Fall Out Boy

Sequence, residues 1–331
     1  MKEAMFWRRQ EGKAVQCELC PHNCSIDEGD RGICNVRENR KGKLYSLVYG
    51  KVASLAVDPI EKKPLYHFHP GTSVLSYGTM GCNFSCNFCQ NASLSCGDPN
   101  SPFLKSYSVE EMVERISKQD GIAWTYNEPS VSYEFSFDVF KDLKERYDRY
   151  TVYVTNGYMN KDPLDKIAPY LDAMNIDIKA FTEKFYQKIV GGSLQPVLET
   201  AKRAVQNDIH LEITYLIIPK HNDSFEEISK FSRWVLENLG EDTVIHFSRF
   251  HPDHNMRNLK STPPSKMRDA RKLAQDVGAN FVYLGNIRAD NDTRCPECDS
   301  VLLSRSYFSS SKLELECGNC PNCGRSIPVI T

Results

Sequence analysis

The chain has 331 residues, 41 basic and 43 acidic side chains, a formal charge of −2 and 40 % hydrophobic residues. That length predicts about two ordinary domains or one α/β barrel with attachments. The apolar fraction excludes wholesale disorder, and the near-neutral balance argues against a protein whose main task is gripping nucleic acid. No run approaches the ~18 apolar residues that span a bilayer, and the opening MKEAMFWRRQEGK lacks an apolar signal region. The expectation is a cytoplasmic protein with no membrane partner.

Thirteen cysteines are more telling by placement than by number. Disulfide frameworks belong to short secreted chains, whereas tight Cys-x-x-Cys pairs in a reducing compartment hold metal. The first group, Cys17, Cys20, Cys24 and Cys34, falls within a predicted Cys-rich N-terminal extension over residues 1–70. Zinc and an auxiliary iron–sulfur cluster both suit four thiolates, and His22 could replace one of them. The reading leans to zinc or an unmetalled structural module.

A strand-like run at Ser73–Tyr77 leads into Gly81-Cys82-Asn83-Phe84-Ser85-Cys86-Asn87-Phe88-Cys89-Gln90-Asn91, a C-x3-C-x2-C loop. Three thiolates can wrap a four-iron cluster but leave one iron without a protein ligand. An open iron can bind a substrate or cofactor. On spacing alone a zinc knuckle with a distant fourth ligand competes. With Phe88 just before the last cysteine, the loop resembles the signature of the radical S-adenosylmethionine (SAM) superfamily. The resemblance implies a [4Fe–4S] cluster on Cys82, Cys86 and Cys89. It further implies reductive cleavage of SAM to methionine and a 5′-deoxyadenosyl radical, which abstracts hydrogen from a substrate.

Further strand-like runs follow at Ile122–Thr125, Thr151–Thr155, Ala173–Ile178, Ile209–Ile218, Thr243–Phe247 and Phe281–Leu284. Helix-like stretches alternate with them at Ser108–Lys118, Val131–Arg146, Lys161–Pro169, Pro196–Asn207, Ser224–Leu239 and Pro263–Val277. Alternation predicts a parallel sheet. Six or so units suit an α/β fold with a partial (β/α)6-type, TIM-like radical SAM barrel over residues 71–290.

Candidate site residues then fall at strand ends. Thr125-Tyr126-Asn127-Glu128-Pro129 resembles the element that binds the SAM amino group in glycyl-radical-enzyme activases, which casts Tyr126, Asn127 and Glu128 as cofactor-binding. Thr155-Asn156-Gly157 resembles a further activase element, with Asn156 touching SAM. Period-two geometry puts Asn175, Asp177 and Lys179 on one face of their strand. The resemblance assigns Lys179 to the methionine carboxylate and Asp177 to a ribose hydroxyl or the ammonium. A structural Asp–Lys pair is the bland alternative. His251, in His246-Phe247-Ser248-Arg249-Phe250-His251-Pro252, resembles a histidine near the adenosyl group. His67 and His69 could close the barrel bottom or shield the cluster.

When Pete Wentz was reached by cell phone in Los Angeles on a December afternoon, the Fall Out Boy bassist and lyricist was giddy. Not from the SoCal weather or the fact that his band was recording its major-label debut for Island and had secured a spot on the main stage of the 2005 Vans Warped tour. No, he was ecstatic over having purchased a croquet set to take on Fall Out Boy’s late-winter minitour — perfect for playing “snowquet” in front of the club. Sound like the juvenile antics of yet another middling emo band? Think again. Hailing from the suburbs of Chicago, Fall Out Boy is the rare group that transcends its roots in quick-cooking hardcore and Speedy Gonzalez-fast pop-punk. In particular, the quartet’s harmony-happy sophomore effort, 2003’s Take This to Your Grave, is filled with lyrics loaded with startling acrimony (Let’s play this game called “when you catch fire”/I wouldn’t piss to put you out) and clever longing (My smile’s an open wound without you … and my hands are tied to pages inked to bring you back).